I'm thinking,if someone is shooting back that standing still stuff does not work out for a prairie dog.
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Old September 25, 2012, 09:28 AM   #30
kraigwy
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HiBC, you don't need to be in combat to realize the benefit of the quick mag. change of the AR.

They are quite popular in 3 gun and multi gun events where you shoot, move to cover or another position and magazine changes are required.

You shoot, and while moving you hit the mag release with the thumb on your shooting hand while the support had grabs for another magazine. The empty mag falls from the rifle under its own weight and the left or support hand slaps another mag in the weld.

No other rifle I know of is as fast or as easy when it comes with changing magazines on the run, without looking.

I believe that is why they are so popular in competition.

It worked the same way in combat, the point man, empties his clip full auto and falls to the ground as he reloads, the slack (guy behind the point man) does the same thing when the point man drops, then normally (the way we did it) the '60 gunner is right behind the slack and is now ready to move up and take up his position while the rest of the squad forms a line.

Again, I've never seen a rifle that worked better in these cases.

I've done most of my match shooting with a M14 or M1A, you have to take your shooting hand off the pistol grip to change magazines. In high power that's not a big problem.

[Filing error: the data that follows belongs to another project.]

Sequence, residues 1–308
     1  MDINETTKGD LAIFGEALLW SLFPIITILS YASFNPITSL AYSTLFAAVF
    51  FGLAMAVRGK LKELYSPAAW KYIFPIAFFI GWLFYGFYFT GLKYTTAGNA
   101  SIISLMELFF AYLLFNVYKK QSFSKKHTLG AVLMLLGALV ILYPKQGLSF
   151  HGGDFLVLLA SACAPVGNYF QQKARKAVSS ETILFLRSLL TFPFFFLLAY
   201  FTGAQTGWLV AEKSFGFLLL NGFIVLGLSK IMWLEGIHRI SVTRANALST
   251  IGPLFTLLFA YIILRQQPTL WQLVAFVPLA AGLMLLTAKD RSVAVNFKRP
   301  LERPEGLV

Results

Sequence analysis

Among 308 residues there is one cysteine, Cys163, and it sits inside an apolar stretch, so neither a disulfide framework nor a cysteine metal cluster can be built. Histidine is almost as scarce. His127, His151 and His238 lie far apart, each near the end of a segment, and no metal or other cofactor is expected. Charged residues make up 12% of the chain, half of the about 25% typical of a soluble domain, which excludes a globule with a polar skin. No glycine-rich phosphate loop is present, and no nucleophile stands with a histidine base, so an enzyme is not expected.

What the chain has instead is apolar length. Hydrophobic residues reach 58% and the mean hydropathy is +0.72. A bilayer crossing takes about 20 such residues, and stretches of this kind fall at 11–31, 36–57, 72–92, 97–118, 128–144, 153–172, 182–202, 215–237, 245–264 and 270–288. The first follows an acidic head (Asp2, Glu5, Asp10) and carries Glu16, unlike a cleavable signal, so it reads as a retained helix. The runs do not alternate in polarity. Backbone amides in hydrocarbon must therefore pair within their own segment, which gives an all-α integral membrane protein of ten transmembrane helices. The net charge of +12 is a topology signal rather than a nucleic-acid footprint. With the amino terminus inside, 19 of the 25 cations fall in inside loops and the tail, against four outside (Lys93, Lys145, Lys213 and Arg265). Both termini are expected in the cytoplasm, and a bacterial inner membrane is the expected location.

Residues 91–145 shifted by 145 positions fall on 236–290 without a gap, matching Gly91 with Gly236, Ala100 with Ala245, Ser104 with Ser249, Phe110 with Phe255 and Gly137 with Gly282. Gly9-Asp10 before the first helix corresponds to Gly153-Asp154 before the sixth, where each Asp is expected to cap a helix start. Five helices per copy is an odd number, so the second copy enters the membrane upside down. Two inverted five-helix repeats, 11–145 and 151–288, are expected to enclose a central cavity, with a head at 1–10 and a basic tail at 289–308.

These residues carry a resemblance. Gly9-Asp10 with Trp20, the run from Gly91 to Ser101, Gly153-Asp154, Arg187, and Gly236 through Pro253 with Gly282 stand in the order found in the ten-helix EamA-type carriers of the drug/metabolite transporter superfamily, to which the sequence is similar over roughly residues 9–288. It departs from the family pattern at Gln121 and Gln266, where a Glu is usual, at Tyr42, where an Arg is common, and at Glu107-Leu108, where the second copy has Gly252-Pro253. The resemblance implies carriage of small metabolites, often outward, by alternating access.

The way I did it was to fire my first two rounds, roll to the left a tad and change mags while I'm looking through the spotting scope at my first two hits to see if I need a sight change. But in this case I'm not running to cover or to a new firing point. Plus I have 60 seconds to get in position, shoot two, look load and shoot 8 more. Thats a lot of time, in 3 gun or multi gun you don't get the luxury of that much time.

As too the AR forcing your head higher, putting you in danger.......all I can say its a none issue.............probably the dumbest thing I ever heard about ARs.
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Old September 26, 2012, 05:03 AM   #31
raimius
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Quote:
Chris_B is on to something...

I tried again with the AR. I could not do it no matter how hard I pulled the rifle into my shoulder with my right hand. I could keep the stock from falling off my shoulder, but there is no way the sights would stay "on target"

However, I can keep my Winchester Model 12 shot gun on my shoulder, holding it with just my right hand. I notice that the stance for a shotgun puts my right elbow well underneath the stock, and my body is only slightly bladed to the target. I am also crouched.

With the rifle (any rifle) I am fully errect, most of my weight is on my right foot, and bladed 45 degrees or more to the target. Left elbow directly under the forearm, and right elbow 90 degrees out (horizontal). I notice that I am fully supporting the weight of the rifle with my left hand, and my right hand is relaxed and pulling into my shoulder just enough to maintain shoulder contact. I don't think about it, this is how I have always shot a rifle, it is how I was taught.

If I pull my right elbow under the weapon, and hold it more like a shotgun, there is no problem supporting it with just my right hand. But that does not seem like a very accurate way to shoot...
Supporting the firearm from underneath is going to be easier than supporting it from the horizontal.